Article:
Because of its might, a forklift proves to be an indispensable piece of equipment in any industrial workplace. Unfortunately, with its immense power comes massive danger. According to North Carolina State University's safety meeting presentation about forklift safety, around 100 people die each year due to forklift accidents. About 25 percent of these disasters are caused by overturning.
Forklift operation may be complicated and dangerous, but there is no problem larger than a forklift that can't be solved. Heed these forklift safety tips to help you and your employees combat forklift hazards.
Put up forklift safety signs. Familiarity does breed contempt. When your people become accustomed to using or being around a forklift, they tend to keep their guards down. This breeds danger - not because the forklift might eventually find fault in its operator - but because your employees might forget the giant moving machine is a probable hazard. Displaying forklift signs in your workplace reminds your staff that they are in a possibly unsafe environment, making them more alert.
Train your workers. The Canadian Centre for Occupational Health and Safety suggests conducting periodic trainings on forklift safety. This will keep procedures and policies imbibed in your people's mind. Don't forget to hold first aid trainings as well. In case an accident occurs, it would be a boon if your workers can treat injuries.
Examine your forklift regularly. While this behemoth of a machine is heavy-duty, frequent usage contributes to its wear and tear. Regular maintenance keeps the efficiency and safety status of your forklift at par with the manufacturer's and government's standards.
Before using a forklift, give it a visual and operational inspection to assess its cleanliness and functionality. If you find something wrong, immediately ask your repairman to check it out.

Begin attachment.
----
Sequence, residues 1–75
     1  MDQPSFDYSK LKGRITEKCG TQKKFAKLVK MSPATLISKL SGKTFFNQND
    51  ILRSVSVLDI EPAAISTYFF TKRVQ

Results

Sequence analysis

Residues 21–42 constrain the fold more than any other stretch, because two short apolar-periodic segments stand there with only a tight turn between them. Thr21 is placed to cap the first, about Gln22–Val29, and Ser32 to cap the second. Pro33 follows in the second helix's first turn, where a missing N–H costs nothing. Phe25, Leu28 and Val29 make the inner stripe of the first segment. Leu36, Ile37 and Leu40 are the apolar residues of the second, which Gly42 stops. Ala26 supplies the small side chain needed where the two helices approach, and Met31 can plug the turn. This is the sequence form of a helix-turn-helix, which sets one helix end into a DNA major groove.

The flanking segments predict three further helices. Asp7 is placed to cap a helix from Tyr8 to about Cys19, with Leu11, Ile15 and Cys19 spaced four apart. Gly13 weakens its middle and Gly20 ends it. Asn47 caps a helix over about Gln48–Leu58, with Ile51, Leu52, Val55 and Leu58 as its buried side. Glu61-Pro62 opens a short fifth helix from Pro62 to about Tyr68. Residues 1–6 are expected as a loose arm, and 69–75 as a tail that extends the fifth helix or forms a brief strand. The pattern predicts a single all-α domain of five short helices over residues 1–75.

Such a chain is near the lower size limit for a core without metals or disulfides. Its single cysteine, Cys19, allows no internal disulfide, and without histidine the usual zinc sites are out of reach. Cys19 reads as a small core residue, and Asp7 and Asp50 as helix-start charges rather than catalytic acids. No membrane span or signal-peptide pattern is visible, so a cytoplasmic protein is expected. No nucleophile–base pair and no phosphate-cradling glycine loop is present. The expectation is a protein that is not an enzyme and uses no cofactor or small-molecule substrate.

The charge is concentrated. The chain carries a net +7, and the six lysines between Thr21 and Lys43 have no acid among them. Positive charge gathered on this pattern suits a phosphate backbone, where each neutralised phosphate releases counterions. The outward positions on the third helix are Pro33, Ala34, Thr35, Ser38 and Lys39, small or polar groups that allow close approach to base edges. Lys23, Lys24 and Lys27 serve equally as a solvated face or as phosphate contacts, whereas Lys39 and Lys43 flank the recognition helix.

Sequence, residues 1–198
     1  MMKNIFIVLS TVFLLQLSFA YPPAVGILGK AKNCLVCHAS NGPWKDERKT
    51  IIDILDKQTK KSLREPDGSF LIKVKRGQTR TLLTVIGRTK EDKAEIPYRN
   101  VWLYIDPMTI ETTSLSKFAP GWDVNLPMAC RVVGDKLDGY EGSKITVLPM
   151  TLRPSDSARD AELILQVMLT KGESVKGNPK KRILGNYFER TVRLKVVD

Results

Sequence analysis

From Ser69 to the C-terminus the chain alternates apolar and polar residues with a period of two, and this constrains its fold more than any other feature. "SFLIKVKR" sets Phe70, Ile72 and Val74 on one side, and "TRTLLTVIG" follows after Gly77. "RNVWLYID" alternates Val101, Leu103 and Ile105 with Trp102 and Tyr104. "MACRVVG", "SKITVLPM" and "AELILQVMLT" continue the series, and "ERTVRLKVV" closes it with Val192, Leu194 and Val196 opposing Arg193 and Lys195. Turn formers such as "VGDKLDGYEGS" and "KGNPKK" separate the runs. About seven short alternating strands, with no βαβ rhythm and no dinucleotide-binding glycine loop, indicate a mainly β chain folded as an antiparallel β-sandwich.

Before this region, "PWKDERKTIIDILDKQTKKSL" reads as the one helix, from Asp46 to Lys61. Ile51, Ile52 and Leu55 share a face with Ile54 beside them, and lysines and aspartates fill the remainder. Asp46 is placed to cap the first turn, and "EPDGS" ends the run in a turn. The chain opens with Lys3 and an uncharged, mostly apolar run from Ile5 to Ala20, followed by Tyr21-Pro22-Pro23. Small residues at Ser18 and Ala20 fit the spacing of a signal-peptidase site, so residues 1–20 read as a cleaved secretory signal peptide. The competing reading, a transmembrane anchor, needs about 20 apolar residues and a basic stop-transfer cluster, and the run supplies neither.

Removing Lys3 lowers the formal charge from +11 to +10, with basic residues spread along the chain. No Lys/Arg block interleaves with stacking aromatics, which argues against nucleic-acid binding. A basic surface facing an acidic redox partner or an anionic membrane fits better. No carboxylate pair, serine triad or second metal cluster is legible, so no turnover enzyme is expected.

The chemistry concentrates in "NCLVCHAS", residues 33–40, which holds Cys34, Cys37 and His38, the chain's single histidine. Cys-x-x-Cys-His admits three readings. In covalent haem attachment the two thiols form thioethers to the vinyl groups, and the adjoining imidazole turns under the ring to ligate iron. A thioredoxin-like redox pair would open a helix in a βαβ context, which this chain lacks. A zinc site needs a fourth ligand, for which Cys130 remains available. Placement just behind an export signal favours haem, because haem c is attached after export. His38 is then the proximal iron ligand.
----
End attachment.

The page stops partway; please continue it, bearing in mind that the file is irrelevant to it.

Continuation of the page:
The Occupational Safety and Health Administration (OSHA) and the Industrial Trucking Association created a sample daily checklist you can use for industrial trucks.
Allow only certified operators to man your forklift. A trained forklift operator should be capable of controlling the truck smoothly when starting, stopping, hauling, elevating and tilting. OSHA prohibits anybody under the age of 18 or anyone over 18, without proper training and certification, from driving a forklift.
With great power comes great responsibility, and operating a powerful, immense apparatus such as a forklift requires greater responsibility. Keep in mind that carelessness behind the wheel does not only endanger your cargo, machine and facility, but it jeopardizes your people as well.
Maricris Taeza writes and edits articles about safety and security for Emedco. When she has accumulated enough vacation leaves, she would either explore a big city or brave the tallest ride in an amusement park. To date, she has been to 20 U.S. states, 2 Canadian provinces, and 7 Asian countries.